The National Catholic Bioethics Center has more to do now than ever before in its 30-year history.
Embryonic research, cloning and other issues have put bioethics in the spotlight. The center's current president, Dr. John Haas spoke with the Register about the bioethical dilemmas facing our society.
Ernster: Tell me about your background, and your conversion to the Catholic faith.
I came from a branch of the Episcopal Church that was very much like the Catholic Church. I was a priest who was referred to as “Father,” and we had daily Mass. In 1977, my wife and I became Catholics; we had three children at the time. Our biggest concerns were the moral issues.
We were always pro-life as Episcopalians, and the Episcopal Church began taking a different path. It had approved divorce and re-marriage and we thought that was contrary to our Lord's teaching and tradition. It was becoming increasingly accepting of homosexual relationships. So the moral questions were a significant factor in our becoming Catholic.
You had strange situations where the regular bishop of a diocese wouldn't believe women could be priests and wouldn't ordain them, but his auxiliary bishop would. For me the ultimate question was that of ecclesiastical authority. God had left a gift with his Church to resolve disputes within the area of doctrine and morals.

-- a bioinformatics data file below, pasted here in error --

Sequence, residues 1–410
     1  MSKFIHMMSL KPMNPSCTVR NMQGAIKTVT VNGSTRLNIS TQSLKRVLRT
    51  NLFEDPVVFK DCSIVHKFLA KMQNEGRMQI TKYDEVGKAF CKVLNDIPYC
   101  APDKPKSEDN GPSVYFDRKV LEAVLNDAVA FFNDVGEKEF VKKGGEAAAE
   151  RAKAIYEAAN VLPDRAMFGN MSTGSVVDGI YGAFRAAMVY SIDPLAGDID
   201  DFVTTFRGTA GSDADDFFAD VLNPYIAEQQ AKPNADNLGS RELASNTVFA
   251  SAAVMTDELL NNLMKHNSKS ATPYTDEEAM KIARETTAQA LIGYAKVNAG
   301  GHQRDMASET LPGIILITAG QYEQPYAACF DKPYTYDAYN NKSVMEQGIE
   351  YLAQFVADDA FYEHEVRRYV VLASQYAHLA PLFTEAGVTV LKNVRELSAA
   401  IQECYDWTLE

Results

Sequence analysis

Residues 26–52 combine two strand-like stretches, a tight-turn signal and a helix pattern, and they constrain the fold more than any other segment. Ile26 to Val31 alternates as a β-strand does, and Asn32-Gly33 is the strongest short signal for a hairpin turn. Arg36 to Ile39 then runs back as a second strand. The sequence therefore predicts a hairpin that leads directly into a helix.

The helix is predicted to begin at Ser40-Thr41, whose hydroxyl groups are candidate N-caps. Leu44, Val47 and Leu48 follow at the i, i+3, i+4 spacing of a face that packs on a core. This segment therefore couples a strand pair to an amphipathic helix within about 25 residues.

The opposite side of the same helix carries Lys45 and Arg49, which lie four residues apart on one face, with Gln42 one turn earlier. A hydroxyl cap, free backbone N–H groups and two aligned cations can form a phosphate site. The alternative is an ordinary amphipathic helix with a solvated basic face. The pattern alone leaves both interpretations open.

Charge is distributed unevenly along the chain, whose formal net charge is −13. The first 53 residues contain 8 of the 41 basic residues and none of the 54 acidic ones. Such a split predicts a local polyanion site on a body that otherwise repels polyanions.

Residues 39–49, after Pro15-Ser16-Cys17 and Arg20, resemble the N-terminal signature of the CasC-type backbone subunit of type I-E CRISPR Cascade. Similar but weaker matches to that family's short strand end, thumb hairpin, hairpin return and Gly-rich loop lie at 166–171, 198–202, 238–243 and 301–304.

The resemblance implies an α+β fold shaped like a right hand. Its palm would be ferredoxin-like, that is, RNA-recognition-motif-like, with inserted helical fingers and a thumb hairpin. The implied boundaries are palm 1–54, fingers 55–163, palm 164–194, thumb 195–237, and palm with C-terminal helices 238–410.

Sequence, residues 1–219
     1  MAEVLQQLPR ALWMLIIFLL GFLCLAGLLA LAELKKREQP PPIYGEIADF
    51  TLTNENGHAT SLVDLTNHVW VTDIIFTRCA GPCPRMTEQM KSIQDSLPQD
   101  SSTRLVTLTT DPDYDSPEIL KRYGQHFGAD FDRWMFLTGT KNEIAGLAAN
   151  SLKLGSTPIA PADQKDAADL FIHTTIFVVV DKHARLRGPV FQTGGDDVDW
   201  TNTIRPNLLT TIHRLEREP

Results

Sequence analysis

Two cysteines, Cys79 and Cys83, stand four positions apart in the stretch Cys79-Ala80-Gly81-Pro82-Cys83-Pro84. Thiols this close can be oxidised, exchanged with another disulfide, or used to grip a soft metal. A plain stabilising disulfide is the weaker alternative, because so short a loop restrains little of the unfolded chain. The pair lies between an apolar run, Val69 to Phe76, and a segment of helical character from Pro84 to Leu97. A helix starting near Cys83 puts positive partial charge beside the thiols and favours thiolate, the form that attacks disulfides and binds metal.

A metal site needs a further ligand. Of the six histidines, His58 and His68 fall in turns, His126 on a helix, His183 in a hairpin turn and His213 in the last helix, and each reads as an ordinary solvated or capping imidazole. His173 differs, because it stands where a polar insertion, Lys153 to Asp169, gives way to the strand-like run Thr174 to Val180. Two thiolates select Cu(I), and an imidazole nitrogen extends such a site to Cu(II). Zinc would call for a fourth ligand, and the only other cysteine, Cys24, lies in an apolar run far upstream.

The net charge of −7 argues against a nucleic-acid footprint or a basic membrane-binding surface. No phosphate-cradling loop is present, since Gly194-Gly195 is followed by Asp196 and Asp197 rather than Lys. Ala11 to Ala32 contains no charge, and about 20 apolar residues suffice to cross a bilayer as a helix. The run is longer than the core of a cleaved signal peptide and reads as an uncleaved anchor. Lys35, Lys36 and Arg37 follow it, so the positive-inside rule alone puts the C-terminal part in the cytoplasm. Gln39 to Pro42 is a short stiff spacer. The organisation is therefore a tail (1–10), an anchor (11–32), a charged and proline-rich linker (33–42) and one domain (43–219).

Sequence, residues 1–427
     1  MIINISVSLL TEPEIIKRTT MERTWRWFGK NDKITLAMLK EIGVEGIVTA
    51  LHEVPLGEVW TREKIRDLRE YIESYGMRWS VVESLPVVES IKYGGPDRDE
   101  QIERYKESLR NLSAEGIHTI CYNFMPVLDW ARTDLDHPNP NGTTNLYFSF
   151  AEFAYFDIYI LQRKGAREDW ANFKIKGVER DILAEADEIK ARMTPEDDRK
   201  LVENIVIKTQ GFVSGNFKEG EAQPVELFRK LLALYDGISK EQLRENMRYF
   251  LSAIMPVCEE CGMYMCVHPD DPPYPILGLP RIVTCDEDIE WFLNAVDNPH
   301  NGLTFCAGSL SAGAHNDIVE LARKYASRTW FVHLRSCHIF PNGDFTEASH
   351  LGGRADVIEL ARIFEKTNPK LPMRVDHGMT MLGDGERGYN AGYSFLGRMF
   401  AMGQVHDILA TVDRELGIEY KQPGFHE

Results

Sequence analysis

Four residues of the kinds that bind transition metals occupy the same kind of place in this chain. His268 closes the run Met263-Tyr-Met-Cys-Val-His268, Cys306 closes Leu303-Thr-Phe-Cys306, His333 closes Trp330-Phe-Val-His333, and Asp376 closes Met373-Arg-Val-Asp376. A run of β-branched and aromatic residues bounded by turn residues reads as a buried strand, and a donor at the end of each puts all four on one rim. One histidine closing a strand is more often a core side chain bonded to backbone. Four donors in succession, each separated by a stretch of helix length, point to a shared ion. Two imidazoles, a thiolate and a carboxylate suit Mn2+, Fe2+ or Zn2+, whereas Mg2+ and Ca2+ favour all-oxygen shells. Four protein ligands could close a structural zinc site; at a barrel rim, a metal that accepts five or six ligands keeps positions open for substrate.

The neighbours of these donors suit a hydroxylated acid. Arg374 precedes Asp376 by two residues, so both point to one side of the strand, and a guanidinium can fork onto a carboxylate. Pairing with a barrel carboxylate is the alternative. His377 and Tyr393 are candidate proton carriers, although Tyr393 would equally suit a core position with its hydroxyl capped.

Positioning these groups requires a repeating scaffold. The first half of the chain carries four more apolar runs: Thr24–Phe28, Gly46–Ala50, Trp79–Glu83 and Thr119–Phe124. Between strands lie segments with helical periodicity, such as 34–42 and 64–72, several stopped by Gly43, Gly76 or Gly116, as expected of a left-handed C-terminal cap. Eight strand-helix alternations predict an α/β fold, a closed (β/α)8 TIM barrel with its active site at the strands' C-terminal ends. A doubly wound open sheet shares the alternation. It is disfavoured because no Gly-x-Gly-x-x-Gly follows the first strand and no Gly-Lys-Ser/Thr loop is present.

I understand Pope John Paul II's
Oh yes, it was one of the most powerful and galvanizing documents I've ever read. The Pope's language is very strong. It's a profound critique of the culture. More than a treatise in moral theology, it's an analysis of contemporary culture. It tries to provide an answer to the question, and the Pope himself raises the question, “How is it that those actions, which a generation ago were regarded as crimes, can now be insisted upon as rights?” That's a chilling question.
So when Cardinal Bevilaqua, who was my boss, asked why I was taking this position, I had to refer to Evangelium Vitae, and said, “This is it, we're faced with this clash between the culture of life and the culture of death, and there's a need for a strong national Catholic voice that is compelling, articulate and compassionate.” So I've been working very hard to bring the center into the public forum. We have a solid reputation among the bishops, but the center hadn't been involved in public policy questions and in the public forum.
‘Find ways of pointing our culture toward the incomparable goodness of each human life.’
Does the center have some influence on public policy or within the medical community?
We're out there, but to the extent we're having an impact is difficult to judge. We're consulted a lot, but I wouldn't say much by the secular community. I just have a note here on my desk to call ABC News because they want to do something on stem cells. We have been quoted in those kinds of venues.